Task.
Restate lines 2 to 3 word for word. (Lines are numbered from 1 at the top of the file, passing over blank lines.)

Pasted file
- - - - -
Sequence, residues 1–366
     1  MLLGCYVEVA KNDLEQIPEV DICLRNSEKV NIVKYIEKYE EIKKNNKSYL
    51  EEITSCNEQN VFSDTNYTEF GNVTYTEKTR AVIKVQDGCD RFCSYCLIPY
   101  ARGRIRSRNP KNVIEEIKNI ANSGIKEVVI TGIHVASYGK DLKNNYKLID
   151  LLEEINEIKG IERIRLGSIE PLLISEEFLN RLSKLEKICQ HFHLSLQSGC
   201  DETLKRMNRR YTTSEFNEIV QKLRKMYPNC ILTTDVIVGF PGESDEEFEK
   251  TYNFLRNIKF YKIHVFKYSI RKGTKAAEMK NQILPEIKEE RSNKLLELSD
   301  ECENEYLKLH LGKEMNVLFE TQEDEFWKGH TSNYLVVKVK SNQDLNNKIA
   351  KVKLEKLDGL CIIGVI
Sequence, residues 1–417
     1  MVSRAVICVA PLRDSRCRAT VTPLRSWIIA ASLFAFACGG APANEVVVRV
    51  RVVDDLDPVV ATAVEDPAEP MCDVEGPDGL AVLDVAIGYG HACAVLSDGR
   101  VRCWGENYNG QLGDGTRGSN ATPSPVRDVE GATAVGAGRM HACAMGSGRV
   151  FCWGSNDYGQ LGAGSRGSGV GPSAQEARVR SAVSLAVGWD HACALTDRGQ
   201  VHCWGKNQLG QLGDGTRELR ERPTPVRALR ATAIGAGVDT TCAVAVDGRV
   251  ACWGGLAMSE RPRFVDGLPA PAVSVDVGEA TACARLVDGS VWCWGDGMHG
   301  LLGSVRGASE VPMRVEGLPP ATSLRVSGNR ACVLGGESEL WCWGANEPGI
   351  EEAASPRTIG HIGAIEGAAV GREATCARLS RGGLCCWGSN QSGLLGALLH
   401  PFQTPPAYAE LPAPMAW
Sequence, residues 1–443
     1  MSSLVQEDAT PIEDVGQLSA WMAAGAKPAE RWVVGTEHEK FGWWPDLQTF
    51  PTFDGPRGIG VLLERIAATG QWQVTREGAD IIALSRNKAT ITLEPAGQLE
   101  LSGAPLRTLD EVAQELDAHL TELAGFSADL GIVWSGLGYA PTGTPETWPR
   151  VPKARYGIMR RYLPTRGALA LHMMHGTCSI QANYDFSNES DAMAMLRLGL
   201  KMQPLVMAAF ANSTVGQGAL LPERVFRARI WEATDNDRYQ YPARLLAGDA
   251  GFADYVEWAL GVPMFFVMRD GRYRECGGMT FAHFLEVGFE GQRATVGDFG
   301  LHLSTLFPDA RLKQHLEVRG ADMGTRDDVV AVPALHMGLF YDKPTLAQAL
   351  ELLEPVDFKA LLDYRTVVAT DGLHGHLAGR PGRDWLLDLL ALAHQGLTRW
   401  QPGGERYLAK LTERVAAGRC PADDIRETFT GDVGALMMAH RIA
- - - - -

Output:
     1  MLLGCYVEVA KNDLEQIPEV DICLRNSEKV NIVKYIEKYE EIKKNNKSYL
    51  EEITSCNEQN VFSDTNYTEF GNVTYTEKTR AVIKVQDGCD RFCSYCLIPY